The combative version is just that. You don’t roll around like Judo or BJJ looking for leg locks, chokes and arm bars (though there is rolling like most grappling styles when two of the same skill levels are involved). The idea is to maim and kill so you will see hair pulling, eye gouging, biting, pinching, grabbing the testicles, etc., to make joint manipulations or should I say, breaking the joints that much easier…i.e., having no resistance so it is easier to go in for the kill. We call it the blend of pain and leverage compliance. If we were to compare it to a more modern grappling system, we can compare it to old time Catch As Catch Can or Catch Wrestling, which has quite the brutal side to it.
Many have asked me over the years, can a BJJ man beat a Dumog man? I will bet many of you involved in FMA’s have heard that before also. To answer that, read what I just said above and you tell me. Then again, who is training harder and putting more hours of fighting? That’s quite the determining factor in any martial art comparison. I just so happen to like both personally, so I can blend, or separate as necessary.
Another edge a real Dumog man, especially in ancient times has over other types of grappling is, the finger tips are usually dipped in poison. Some of these poison formulas made from a combination of Philippine indigenous animals and insects mixed with oils from poisonous plants. All of which can kill a man in less than a minute when scratched or especially if it touches the eyes or lips. Not to sporting huh? Is it considered cheating in real combat when survival is the outcome of the battle?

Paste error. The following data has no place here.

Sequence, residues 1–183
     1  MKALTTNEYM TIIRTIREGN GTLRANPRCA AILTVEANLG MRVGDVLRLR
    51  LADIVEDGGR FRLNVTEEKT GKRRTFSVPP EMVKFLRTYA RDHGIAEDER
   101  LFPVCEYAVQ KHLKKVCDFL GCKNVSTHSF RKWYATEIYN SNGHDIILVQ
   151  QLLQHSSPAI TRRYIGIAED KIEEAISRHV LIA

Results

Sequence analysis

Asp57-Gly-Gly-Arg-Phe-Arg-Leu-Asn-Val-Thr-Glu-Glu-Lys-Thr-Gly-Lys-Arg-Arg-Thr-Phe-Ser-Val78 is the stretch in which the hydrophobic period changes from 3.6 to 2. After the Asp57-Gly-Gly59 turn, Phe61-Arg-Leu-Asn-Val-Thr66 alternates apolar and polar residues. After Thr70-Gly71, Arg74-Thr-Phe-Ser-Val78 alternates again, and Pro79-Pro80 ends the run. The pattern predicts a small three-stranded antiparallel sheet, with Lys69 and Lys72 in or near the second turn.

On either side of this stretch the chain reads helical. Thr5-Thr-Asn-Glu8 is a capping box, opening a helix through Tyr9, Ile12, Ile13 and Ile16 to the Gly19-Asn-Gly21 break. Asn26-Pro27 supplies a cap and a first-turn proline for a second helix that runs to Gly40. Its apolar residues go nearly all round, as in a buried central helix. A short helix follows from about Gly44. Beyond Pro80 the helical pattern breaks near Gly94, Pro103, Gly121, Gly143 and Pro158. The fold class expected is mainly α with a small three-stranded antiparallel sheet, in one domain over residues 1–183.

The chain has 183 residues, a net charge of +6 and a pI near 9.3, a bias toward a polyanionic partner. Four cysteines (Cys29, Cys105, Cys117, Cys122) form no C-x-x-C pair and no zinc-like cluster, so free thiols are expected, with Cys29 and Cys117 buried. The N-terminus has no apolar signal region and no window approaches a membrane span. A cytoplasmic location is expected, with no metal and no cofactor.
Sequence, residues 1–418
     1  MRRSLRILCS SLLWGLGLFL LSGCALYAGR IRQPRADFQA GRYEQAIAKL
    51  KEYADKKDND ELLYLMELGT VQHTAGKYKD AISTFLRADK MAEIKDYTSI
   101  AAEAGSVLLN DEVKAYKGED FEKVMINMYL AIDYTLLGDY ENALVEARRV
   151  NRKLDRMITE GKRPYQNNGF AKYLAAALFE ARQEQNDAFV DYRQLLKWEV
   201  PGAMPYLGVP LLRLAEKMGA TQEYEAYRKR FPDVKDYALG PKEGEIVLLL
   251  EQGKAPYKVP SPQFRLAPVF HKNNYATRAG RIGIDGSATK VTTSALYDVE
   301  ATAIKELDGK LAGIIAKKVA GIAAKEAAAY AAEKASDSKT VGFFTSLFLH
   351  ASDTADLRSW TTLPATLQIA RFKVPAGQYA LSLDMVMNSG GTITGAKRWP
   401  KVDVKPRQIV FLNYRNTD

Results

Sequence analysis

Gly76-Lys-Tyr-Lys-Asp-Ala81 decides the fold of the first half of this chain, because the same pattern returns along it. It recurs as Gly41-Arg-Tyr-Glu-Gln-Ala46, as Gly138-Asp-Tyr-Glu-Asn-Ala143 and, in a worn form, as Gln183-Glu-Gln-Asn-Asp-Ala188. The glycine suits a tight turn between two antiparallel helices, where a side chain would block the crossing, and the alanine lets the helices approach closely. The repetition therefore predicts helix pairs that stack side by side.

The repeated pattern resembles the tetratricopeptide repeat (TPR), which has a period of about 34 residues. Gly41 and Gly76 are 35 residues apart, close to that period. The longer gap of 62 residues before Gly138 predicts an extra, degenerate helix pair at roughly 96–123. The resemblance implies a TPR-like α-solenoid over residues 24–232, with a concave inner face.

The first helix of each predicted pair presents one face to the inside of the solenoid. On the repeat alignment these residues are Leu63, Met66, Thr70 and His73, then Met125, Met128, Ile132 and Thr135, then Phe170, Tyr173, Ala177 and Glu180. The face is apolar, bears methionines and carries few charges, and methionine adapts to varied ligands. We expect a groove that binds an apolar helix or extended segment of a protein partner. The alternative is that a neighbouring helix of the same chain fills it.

The origins of Dumog are bleak…it seems like there are many historical versions. One is, Indian influence in combination with native indigenous methods back when there was a Hindu influence in the Philippines. Indian grappling influence is possible due to India having some influence in the Philippines going back before there was Islam and Christianity which are now the more dominating religions there. More than likely through the influence of the traders in the Hindu-Malayan culture, which had influenced a big part of the surrounding Majapahit Empire at the time! The history of many FMA origins is debatable because a lot of info was once handed down through word of mouth by tribal elders generation after generation prior the Spanish rule. The writings prior the the alpabet arriving in the Philippines through the Spanish are refered to as sanscrit…more accuratly called Babayan, which was on leaves or rice turned into paper or carved into wood. Much of those old writings that was not destroyed by the Spanish thinking it was the writings of the devil. Much of the rest just rotted in the tropical weathering down there so a lot of old story’s are unfortunately dying out in modern times. However, many of us are trying to hold on to ancient history through preserving the martial art and culture. Many museums have small pieces of ancient Babayan writings in the Philippines.
For those of you who do Silat, or Kuntao (depending on the Kuntao style) you will see the fighting and grabbing methods are very similar to Dumog. Or as I usually say, it is all the same but different!
Guro Ronnie Royce Base
Injured or not…